PAC critical of poor rail investment planning

20 Nov 15

Rail users will pay for failures to effectively plan investments in the network, which has led to “staggering and unacceptable” cost increases on the Great Western electrification project, the Public Accounts Committee said today.

Network Rail’s current five-year investment programme has been paused and partly restarted by transport secretary Patrick McLoughlin. A PAC probe found the Great Western electrification project could cost as much as £2.8bn, up from £1.6bn estimated a year ago.

In order to meet the additional cost of upgrading the route between London and the west of England and South Wales, there is a risk that other projects could be delayed.

The committee said uncertainty remained over electrification projects on both the TransPennine route and the Midland Main Line, both of which are meant to form part of Network Rail’s programme from 2014-2019.

It called on ministers to publish a revised and re-costed programme of electrification improvements, including the rationale for June’s decision to prioritise Great Western over these other schemes.

Chair Meg Hillier said Network Rail had “lost its grip on managing large infrastructure projects”, leading to both delays and higher costs.

“The potential near doubling in cost of the electrification of the Great Western Line is a symptom of seriously flawed control and planning. Another is the continuing uncertainty over electrification of both the TransPennine route and the Midland mainline,” she added.

“The government has identified rail infrastructure as a vital part of its economic plans, for example in establishing what it describes as a Northern Powerhouse. It is alarming that, in planning work intended to support these plans, its judgement should be so flawed.”

The report found that the work planned for the five year period could never have been delivered within the agreed £38.3bn budget and timeframe but Network Rail, the Department for Transport and the Office of Rail and Road regulator all approved the programme.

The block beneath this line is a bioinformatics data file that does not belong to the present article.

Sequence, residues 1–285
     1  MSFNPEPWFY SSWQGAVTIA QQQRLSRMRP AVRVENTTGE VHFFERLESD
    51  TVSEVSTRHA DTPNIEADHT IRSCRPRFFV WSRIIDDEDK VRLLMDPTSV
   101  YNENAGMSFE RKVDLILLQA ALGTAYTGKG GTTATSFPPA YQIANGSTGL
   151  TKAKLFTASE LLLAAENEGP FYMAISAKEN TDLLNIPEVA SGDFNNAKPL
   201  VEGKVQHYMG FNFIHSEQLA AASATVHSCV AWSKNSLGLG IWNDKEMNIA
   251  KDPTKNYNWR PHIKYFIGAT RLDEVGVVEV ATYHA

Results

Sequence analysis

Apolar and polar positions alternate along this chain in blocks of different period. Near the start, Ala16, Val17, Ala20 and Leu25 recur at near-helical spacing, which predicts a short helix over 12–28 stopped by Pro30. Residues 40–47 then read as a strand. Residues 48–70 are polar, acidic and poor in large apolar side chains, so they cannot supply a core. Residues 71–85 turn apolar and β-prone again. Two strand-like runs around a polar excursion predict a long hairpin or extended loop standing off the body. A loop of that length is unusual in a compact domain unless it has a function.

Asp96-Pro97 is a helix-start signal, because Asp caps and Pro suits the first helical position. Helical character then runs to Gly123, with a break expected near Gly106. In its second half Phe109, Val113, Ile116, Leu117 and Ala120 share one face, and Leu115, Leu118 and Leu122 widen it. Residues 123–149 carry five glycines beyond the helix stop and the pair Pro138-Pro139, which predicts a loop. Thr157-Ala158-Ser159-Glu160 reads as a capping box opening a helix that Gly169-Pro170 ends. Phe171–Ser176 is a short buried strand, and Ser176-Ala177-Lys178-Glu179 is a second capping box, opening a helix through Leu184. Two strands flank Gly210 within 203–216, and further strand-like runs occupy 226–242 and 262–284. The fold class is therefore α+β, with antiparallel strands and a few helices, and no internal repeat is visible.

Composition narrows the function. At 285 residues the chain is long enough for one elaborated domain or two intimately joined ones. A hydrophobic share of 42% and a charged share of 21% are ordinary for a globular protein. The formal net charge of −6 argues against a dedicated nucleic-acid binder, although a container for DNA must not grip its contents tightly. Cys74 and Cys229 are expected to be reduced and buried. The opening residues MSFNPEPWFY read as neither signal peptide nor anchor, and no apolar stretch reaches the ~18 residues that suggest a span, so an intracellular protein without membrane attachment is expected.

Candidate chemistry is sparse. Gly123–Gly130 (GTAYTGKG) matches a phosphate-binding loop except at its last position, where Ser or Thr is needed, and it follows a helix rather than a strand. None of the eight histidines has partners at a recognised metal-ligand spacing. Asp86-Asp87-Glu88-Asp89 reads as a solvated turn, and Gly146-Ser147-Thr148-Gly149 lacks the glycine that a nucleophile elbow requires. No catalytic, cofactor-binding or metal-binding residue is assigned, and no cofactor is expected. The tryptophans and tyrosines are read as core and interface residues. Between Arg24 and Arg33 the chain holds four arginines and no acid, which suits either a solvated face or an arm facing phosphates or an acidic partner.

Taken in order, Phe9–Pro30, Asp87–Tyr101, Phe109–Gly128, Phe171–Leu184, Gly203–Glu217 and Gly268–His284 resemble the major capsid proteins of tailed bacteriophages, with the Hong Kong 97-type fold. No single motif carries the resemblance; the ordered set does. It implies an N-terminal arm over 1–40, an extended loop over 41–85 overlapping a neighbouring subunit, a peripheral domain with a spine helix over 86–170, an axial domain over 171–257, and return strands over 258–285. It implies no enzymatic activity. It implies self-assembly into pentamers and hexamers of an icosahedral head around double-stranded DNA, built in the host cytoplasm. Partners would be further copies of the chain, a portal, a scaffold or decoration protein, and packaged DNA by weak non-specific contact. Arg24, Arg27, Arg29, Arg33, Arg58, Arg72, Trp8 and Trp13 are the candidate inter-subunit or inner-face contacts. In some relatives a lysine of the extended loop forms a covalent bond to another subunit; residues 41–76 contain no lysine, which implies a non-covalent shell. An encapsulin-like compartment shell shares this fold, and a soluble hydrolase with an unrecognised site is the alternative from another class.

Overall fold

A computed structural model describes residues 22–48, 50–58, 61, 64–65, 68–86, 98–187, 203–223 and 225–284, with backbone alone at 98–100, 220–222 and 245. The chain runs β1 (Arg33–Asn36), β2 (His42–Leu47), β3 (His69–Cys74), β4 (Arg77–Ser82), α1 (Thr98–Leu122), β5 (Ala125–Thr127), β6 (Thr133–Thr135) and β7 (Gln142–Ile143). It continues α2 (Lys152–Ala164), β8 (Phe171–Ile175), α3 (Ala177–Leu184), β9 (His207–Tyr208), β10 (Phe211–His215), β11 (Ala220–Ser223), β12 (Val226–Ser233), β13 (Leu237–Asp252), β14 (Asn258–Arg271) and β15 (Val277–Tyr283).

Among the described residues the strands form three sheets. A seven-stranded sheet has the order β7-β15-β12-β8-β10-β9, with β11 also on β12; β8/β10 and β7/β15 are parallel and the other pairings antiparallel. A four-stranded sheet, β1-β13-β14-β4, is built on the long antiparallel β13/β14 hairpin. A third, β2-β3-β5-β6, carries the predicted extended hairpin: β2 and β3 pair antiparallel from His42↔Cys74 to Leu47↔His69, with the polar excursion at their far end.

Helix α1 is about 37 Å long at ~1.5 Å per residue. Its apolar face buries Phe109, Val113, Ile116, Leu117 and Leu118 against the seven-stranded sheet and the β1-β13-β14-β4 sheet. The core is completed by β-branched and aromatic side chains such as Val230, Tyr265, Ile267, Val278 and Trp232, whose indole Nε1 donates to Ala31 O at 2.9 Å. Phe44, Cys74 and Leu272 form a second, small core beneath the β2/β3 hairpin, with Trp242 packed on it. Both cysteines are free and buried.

Such funding cycles for the railway, known as control periods, may not be suitable for these major investment projects if the scope and costs were uncertain when funding is agreed, MPs concluded.

The DfT should develop a new regime for financing major enhancement projects that would allow them to be funded and managed outside these cycles.

The PAC also noted that Network Rail’s reclassification as a public body has reduced its flexibility to borrow to cover cost increases. Before reclassification in 2014, the state-owned firm covered higher costs through borrowing from markets, but it can now only borrow from government, with a loan cap of £30.3bn. A much stronger focus on accurate project costing at the planning stage and controlling costs is therefore required.

Responding to the report, a DfT spokesman said: “We are proud to have a hugely ambitious investment programme, but agree that lessons should be learned on all sides. We are committed to seeing the £38bn programme through and delivering the railway passengers deserve.

“That’s why the secretary of state asked Dame Colette Bowe to look at the lessons learned and make recommendations on what can be done better in future, and why Sir Peter Hendy is developing proposals to get the rail upgrade programme back on track and ensure it is both affordable and deliverable.”

Both reports will be published later this year.

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